Seems that Laverne always has the most show and tell. She is a prolific knitter now that she's conquered the ruffle yarn, which is advertised as quick and easy. Don't let the label fool you. It isn't quick or easy until you figure out how to handle the product. Laverne has mastered or should I say invented, the best way I've seen to get that yarn knitted into a scarf in a single day. Her first one took three days. Then she put her mind to work and figured out how to knit smarter. She showed the rest of us what she'd come up with and every knitter in the group was impressed.

My cat was fascinated watching the yarn
move from the roller.
Seems that years ago, Laverne's hubby had made her a wooden contraption where-in she could have her bead collection at the ready for when she designed and created her bead jewelry. As she tells it, she eyeballed that and thought it would make a good place to hold her ruffle yarn, so she took an empty paper towel roller, cut it to size, and went to work figuring out how to make it work for her.

Tape the beginning of the yarn to the
paper towel cardboard.
First thing she did is to unroll a bit of the yarn and stick the end down with scotch tape. She opened the yarn as she went and by the time she was around once, she stuck big pins on each side of the yarn to keep it stretched. As she rolled the yarn, she moved the pins, so every layer was held in place. She rolled half of the yarn on one end of the cardboard and the other half beside it so the tube would roll evenly.

When she was ready to knit, she positioned the non-working needle between her legs, thereby leaving both hands free to get the yarn to where it was supposed to be. While most directions say to knit with the needle in the first opening, it is far easier to knit by using the first LARGE opening in the fish net. It also makes a sturdier base for the scarf.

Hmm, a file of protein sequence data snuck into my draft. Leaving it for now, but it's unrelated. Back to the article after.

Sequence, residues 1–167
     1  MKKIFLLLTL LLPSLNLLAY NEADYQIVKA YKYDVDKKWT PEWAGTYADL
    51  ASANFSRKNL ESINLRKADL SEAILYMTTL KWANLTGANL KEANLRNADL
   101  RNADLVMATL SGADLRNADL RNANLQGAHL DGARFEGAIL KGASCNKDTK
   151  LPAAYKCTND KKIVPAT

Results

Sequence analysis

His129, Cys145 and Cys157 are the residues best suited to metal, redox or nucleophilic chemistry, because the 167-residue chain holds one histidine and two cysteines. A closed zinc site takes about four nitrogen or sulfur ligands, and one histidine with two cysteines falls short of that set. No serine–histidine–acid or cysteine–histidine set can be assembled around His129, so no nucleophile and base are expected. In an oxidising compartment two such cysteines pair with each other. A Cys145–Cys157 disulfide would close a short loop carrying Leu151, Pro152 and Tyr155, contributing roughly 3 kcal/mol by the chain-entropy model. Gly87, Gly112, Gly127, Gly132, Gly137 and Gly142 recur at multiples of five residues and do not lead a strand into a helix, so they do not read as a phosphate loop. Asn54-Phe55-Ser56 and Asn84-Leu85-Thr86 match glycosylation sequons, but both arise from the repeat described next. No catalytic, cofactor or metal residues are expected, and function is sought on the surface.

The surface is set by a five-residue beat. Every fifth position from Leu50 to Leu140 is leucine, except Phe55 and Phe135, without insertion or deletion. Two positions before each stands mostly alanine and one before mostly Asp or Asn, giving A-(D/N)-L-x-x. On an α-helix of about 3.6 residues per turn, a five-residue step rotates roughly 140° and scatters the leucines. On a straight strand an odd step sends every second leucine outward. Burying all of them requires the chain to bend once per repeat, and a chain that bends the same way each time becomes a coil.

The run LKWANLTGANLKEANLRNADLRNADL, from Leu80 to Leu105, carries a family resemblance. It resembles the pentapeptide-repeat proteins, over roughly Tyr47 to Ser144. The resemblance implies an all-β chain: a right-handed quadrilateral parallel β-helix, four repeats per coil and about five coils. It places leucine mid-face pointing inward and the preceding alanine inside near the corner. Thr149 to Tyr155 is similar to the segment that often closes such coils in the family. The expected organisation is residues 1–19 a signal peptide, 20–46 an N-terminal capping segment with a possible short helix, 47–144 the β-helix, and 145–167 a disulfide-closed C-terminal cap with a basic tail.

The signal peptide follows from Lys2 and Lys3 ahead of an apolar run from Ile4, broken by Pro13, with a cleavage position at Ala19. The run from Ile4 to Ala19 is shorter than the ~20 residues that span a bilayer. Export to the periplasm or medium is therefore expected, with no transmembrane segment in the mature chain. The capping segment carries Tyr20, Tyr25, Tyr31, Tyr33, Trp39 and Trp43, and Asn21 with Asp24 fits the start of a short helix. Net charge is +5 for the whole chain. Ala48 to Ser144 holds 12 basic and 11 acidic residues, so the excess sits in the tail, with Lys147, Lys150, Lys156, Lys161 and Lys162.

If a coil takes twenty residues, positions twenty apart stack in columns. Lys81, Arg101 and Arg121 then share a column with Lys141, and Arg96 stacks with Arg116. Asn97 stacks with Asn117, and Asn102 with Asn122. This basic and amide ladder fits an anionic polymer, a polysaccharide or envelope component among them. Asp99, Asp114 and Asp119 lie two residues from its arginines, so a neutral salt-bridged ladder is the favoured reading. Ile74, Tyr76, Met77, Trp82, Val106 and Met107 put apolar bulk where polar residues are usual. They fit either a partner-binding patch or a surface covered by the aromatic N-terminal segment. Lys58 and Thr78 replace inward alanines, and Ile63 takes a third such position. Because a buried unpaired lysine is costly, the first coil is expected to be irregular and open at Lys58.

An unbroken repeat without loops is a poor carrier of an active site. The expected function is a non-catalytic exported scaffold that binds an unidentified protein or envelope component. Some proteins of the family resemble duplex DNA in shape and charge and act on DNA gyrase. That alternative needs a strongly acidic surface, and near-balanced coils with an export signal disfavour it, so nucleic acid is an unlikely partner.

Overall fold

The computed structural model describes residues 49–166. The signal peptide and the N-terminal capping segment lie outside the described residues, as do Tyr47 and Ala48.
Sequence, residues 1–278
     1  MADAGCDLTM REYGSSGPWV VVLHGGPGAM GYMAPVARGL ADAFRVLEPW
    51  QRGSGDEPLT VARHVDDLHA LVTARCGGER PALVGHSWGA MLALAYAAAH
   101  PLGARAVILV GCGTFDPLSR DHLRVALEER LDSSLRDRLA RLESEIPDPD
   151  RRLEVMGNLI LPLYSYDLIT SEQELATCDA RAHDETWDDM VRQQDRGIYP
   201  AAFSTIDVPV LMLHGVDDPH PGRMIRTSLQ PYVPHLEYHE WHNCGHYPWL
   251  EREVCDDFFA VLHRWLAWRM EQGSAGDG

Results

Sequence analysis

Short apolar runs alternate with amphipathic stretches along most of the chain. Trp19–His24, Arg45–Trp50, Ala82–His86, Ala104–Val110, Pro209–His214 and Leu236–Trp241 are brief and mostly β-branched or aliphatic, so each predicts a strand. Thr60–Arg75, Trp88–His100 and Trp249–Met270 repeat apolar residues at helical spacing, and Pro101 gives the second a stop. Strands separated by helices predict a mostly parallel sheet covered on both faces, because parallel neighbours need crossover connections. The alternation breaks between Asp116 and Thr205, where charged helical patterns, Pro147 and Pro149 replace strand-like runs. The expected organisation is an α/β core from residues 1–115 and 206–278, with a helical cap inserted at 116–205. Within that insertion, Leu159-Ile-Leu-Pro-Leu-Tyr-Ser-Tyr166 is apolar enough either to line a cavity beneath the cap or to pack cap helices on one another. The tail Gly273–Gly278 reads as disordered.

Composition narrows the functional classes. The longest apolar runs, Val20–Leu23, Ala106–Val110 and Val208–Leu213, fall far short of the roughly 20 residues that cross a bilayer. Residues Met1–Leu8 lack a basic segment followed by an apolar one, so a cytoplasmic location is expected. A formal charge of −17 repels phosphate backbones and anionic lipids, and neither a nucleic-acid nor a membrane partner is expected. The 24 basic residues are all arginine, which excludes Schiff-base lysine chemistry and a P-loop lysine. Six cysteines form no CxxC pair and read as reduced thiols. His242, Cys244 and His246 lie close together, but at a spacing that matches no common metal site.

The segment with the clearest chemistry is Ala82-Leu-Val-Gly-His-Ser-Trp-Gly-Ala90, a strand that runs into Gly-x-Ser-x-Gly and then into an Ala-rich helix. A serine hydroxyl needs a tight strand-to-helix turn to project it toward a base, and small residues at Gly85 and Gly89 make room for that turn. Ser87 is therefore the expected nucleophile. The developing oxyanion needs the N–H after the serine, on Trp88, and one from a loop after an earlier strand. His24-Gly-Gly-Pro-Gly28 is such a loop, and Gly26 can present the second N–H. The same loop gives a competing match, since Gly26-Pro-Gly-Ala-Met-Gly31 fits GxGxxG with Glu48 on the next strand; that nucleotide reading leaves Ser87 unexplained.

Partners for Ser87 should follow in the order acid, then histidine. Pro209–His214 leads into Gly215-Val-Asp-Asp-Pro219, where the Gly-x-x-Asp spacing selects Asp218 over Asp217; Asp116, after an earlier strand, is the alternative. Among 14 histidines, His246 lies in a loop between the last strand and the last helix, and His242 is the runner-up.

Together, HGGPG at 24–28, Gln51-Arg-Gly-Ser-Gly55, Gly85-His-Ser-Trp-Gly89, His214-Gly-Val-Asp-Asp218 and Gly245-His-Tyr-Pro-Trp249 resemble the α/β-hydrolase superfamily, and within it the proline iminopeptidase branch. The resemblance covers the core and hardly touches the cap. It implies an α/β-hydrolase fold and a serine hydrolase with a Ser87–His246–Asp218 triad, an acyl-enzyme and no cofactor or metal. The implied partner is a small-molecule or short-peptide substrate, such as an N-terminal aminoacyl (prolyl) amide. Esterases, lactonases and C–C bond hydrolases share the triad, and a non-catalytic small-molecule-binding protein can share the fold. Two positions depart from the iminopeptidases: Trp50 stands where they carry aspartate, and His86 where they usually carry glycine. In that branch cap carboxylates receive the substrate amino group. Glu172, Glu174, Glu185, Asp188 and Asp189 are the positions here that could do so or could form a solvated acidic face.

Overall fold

Hmm, which one looks best on me?
While Laverne was at my home so I could take pictures of how she had figured out a way to easily work with the new ruffled yarns, a couple of my friends dropped by. With all those scarves spread out on the couch, the dazzling colors and shapes drew them to having to have a closer look. One friend just had to try on nearly every scarf. The other friend wanted to know exactly how to make them and asked where to buy the yarn. Oddly enough, neither friend informed me as to why they'd stopped by. I guess their heads were too full of color and their imaginations thinking which bunch of ruffles would look best on them.

So it's finished and sitting in a
drawer waiting for Christmas
to roll around.
I had asked Laverne to sell me the one in progress as I knew a family member who would just love it. She generally makes things for the Christmas craft fairs she participates in, but she allowed me to purchase the one I asked for. Of course I could have knitted one myself, but I'm in the middle of my own Christmas knitting and quilting, so I figured it would be quicker to purchase one already finished. Am I smart or what?

Coming Up Soon:

Our group is blessed to have a Snail Trail member whose quilt entry won the Viewer's Choice award at the San Diego Quilt Show in 2010. Her quilts are exquisite. Next blog, I'll show you her work and tell you everything she knows about applique, since that's what she majors in.

Till next time....

Laverne's favorite ruffled yarn is readily
available at Joann's for less than $5 a
ball. There are dozens of ruffled yarns
in the stores now, with prices going up
to $17 a ball. A bit of advice here:
start with the less expensive yarn to see
if you like working with it. Then spread
out if it suits you.